Arguments Against NHS Charges

It is wrong to charge migrants 150% for NHS care. Here they are divided into 5 categories: economic, public health, racism, human rights and staffing issues. Use a variety to try to persuade healthcare workers or the general public! Feel free to add your own ideas.


  • Charging acts as a deterrent, meaning that people don’t seek care in the early stages of illness, but are forced to go to A&E when that illness becomes a medical emergency, care for which is more expensive for the NHS.
  • People working in the UK who require a visa are asked to pay a visa surcharge, of £200 or £250 per year of their visa, on top of their tax and national insurance contributions.
  • Migrants are not an economic pressure on the NHS. Migrants are less likely to use the NHS than their UK resident counterparts.
  • The government demonises migrants for their use of NHS healthcare at a negligible cost (<0.5% of the annual budget). At the same time, it champions the privatisation of the NHS through Private Finance Initiative (PFI) agreements that cost the public billions in interest alone.
  • It is unclear whether the right people are even being charged, and whether the cost of implementing the charging system even works. Last year, the Guardian reported the story of a mother who was charged for the treatment of her son’s meningitis, when this should be an exemption. Although the government has a list of exemptions, there is no scrutiny over whether these are followed, and how many bills sent are in fact for care that should have been free. According to FOIs sent by DocsNotCops to all foundation trusts in England, in 2015, a third of trusts spent more on the staffing and administration costs of implementing charging than they actually recouped. This is despite the fact that migrants are charged at 150% of NHS fees, supposedly in order to compensate for admin costs.


  • Charging deters people from seeking care or attending screening. This has already been documented amongst migrants living with HIV, despite the fact that HIV treatment is exempt from charging.
  • Patients will be required to show 2 forms of ID, including a passport. Data from the 2011 census shows that 17% of people in the UK do not hold a UK passport, the vast majority of these people (97%) were born in the UK (ONS data pg 7). Thats over 10 million people who will find it harder to access healthcare for fear of facing charges .


  • In the absence of any training from the Department of Health (FOI request), staff rely on their internal biases about race and surnames to check if a patient is eligible for charging (the Guardian).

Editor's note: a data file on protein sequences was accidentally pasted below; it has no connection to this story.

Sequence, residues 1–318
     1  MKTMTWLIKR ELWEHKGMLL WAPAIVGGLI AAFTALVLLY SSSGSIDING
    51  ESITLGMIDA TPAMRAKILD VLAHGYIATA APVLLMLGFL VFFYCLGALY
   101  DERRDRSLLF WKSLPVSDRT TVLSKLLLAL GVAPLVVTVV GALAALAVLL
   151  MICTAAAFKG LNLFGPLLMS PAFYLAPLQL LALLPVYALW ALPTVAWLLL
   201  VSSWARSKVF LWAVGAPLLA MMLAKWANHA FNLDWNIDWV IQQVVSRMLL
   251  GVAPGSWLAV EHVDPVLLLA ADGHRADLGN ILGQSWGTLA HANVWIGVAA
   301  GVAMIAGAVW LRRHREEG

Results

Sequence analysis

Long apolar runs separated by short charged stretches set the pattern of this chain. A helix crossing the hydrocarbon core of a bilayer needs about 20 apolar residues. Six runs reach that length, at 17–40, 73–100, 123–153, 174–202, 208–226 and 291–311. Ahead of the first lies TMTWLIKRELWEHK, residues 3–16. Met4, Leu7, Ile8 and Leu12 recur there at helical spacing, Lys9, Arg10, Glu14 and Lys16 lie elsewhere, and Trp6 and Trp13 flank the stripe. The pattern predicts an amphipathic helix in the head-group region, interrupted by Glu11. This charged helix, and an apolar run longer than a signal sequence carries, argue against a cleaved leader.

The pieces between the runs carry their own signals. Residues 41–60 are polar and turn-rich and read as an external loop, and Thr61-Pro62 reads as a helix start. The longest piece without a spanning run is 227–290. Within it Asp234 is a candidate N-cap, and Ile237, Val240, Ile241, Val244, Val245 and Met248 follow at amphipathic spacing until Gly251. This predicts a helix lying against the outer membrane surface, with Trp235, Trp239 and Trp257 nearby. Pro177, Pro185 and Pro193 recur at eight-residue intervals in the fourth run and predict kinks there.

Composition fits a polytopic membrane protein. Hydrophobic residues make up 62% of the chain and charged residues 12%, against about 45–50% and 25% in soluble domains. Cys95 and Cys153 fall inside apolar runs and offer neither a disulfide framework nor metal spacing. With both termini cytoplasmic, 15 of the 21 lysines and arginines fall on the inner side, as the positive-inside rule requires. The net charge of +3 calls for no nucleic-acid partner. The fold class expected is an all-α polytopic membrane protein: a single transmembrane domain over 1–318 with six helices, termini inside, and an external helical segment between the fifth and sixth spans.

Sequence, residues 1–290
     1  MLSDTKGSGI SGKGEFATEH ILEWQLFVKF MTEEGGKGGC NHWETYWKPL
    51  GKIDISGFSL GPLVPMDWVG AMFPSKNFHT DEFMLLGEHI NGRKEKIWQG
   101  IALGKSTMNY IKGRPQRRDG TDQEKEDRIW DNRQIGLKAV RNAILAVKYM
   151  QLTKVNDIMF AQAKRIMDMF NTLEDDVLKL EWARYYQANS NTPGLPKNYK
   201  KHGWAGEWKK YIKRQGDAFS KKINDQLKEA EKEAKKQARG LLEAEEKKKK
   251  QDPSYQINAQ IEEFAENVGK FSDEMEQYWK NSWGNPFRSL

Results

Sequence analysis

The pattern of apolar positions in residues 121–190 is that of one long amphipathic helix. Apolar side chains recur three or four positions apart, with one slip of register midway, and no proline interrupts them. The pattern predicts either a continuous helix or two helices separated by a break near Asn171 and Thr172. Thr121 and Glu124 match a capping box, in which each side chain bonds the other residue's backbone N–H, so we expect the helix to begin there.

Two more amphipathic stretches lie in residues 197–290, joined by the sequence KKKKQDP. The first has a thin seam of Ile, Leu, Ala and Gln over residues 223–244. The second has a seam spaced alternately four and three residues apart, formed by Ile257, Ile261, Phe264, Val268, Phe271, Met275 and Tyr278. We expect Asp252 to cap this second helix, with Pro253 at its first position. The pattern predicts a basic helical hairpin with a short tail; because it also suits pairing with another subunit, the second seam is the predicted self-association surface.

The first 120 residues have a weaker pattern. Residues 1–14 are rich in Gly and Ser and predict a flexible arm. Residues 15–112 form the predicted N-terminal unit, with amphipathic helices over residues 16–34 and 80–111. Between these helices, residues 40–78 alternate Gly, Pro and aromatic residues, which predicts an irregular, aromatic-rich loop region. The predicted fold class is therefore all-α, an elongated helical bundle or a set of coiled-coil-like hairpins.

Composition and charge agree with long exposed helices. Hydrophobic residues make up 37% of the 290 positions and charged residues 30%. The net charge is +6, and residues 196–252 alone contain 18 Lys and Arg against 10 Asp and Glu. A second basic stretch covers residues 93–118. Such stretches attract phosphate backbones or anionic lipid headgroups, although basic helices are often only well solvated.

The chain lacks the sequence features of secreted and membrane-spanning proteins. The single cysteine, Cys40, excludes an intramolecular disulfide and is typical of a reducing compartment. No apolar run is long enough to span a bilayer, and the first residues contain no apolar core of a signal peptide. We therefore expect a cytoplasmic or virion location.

• The charging requirements introduce a hierarchy of migrants in the UK. Non-EEA residents on short term or visitors visas may already pay into the NHS through taxes and other economic contributions, yet they are required to pay 150% of any costs incurred, and cannot insure themselves in advance. Meanwhile, non-EEA residents have to pay a yearly surcharge of £150 or £200, which insures them against any medical condition but can quickly add up to a hefty bill (a 5 year visa for a family of four comes with an upfront price tag of £4000, for example). In contrast, EEA residents are meant to be able to access care without having to worry about charging as the government has reciprocal agreements with EEA countries to recoup costs. This system is opaque for both users and providers, however, so often patients are misinformed about their status or charged incorrectly.
  • The government is encouraging the British public to view one group of people’s lives as more worthy and valuable than others, to the point that migrants are now discussed not as people, but as cost.


  • The right to health is a fundamental part of our human rights and of our understanding of a life in dignity.
  • Human rights are based on non-discrimination.
  • The UK is a signatory to the 1966 International Covenant on Economic, Social and Cultural Rights, which upholds the right to mental and physical health of all residents, regardless of their immigration status.
  • According to the OHCHR, ‘A country’s difficult financial situation does NOT absolve it from having to take action to realize the right to health.’
  • Fear of charging deters people from seeking care, as was seen in the tragic case of Dalton Messam, who died after he was too afraid to go to hospital because of potential consequences for his immigration status


  • NHS staff did not sign up to be border guards. In addition to the new Junior Doctors’ contract and cuts to training bursaries for nursing staff, being forced to complete the work of the Home Office is another deterrent for medical students to staying in the UK following their training.
  • The Immigration Act in healthcare, its implementation and exemptions are incredibly complex. NHS staff have not been given adequate training (FOI request), and are therefore unsupported in this complicated area.

< Back to Resources